3. Consider how best to communicate with the type of people you want as clients who will pay you the fees you deserve for doing the work they need and that you enjoy doing. Are your overtly promotional messages likely to be seen or to work for you? (Clue: Rarely!)
  4. Clarify your real objective on each of these platforms. Some people claim to want to build their brand or to boost their reach. Underlying this though is their real desire to generate more of the right type of leads and to then convert these to clients.
  5. Normal business networking etiquette is just as important when using Linkedin or any social media platform to short-cut the process. In brief that means being authentically you, evidencing your genuine interest in the other person, looking to help them before you ask them for help. And, of course, not being salesy too soon. No one likes that!
  6. Follow helpful and influential people on each platform to learn stuff that helps you in your practice or career. Remember that what works for them may be specific to their style and approach and client type. You may want a different type of client, clients who pay higher fees or clients that behave differently.
  7. Accept that few people will see your posts until you build up a decent number of connections, followers or friends on each platform you choose to be active on. There is a catch-22 here in that some people will not want to connect or follow you until and unless they can see that you post or share stuff that attracts, interests or intrigues them. And remember that your posts will rarely be seen by all of your contacts, connections, friends or followers.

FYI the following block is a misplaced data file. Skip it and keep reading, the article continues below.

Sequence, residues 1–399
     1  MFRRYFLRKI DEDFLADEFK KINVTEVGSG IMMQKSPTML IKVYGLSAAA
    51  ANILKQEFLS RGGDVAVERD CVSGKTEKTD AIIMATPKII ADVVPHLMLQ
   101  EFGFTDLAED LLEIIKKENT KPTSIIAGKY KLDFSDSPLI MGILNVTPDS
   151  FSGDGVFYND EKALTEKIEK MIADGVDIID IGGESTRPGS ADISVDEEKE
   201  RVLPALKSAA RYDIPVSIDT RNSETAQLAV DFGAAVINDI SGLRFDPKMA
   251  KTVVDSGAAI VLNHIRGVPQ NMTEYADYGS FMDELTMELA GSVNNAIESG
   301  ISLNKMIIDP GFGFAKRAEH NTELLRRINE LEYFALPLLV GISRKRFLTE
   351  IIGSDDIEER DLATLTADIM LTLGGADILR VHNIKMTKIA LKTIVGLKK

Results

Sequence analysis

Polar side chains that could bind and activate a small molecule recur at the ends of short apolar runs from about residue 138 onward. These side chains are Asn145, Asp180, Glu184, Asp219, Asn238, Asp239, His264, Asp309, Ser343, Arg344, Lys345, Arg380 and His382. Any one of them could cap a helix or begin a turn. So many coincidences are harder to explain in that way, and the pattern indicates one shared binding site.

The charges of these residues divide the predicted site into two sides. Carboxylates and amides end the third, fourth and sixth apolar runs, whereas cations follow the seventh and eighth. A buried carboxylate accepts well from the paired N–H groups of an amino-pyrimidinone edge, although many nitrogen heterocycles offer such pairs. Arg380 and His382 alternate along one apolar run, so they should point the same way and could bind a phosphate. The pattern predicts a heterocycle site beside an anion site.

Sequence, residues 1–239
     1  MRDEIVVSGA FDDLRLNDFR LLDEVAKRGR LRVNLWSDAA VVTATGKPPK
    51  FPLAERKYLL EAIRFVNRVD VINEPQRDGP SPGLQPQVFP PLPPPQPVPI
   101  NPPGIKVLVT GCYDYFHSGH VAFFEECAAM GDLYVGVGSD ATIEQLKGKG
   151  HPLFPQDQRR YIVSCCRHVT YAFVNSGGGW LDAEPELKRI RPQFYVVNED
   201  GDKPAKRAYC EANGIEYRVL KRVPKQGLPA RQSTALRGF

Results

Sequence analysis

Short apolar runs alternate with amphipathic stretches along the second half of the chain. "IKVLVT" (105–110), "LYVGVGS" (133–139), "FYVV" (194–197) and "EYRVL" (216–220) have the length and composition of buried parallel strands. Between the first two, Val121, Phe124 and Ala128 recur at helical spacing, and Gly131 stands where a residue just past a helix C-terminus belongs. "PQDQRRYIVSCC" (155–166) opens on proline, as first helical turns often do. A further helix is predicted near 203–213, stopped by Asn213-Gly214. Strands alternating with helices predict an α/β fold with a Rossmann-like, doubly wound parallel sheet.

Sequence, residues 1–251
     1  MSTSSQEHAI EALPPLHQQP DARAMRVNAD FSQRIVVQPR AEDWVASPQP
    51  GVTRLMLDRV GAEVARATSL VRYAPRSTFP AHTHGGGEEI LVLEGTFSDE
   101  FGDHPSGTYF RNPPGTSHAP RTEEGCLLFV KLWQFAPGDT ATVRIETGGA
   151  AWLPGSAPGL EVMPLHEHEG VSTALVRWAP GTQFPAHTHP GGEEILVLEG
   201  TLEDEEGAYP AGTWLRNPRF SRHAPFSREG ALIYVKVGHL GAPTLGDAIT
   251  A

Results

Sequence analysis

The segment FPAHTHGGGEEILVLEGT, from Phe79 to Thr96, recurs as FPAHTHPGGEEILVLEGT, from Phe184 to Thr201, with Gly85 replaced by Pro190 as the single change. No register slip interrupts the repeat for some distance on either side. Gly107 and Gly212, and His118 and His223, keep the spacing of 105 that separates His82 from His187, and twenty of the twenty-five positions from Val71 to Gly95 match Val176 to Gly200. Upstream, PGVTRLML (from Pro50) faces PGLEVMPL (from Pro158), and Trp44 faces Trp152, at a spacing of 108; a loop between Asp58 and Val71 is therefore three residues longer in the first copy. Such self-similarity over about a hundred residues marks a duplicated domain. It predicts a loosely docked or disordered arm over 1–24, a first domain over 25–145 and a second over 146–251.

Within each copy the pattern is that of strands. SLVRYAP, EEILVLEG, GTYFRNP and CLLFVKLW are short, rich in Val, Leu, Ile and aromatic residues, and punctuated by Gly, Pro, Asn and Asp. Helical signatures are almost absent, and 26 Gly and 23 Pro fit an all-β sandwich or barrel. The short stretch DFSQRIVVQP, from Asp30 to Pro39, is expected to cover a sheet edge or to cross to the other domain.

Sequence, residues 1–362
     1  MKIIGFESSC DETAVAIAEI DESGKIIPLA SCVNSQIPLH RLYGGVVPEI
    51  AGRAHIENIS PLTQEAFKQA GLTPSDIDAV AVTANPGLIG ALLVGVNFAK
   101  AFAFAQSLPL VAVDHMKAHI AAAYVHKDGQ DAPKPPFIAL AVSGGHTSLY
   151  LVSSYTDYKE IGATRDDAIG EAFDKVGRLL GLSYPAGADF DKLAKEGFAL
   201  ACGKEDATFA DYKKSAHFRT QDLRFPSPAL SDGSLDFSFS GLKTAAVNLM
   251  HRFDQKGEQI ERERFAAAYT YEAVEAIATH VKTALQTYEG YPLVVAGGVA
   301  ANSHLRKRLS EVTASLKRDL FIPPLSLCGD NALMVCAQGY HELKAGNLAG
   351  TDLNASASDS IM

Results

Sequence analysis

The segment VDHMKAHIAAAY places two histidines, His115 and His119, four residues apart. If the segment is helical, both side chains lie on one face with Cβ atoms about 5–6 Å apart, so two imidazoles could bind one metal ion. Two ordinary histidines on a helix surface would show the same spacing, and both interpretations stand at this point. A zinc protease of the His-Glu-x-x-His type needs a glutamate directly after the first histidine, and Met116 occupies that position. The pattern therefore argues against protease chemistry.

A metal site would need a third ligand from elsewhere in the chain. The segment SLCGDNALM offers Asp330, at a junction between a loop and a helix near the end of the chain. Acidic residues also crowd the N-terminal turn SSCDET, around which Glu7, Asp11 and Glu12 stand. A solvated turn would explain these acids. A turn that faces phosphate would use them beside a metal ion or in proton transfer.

8. Your online behaviour needs to be social rather than anti-social. That means being authentically YOU and interacting as yourself (not as your business name) and educating, stimulating and/or entertaining your target audience. This will inevitably be a more successful approach than if you just post marketing messages in the vain hope that the right people will see them and contact you. Imagine how you would be treated if you visited a village pub, jumped up on a chair and started shouting about your business without letting anyone get to know you first? Why assume it’s different if you follow a similar approach online?
  9. Write your headlines, posts and profiles so that if your ideal target client reads them they will be intrigued and want to connect with you or to follow you. But equally keep in mind that only a small proportion of your connections and followers will see your posts. Just as you only look at a small selection of the posts that make it into your home feed on each platform.
  10. Use the search facility on each platform to find people, groups or discussions that are of interest. Do the people you want to reach typically describe themselves as Business Owners, MDs, CEOs or something else? Ask to connect or just follow them and start to interact via their content. Or by direct (non-salesy) messages.
  11. Join in conversations and threads about topics you find interesting and which may help you connect or engage with the people you are targeting.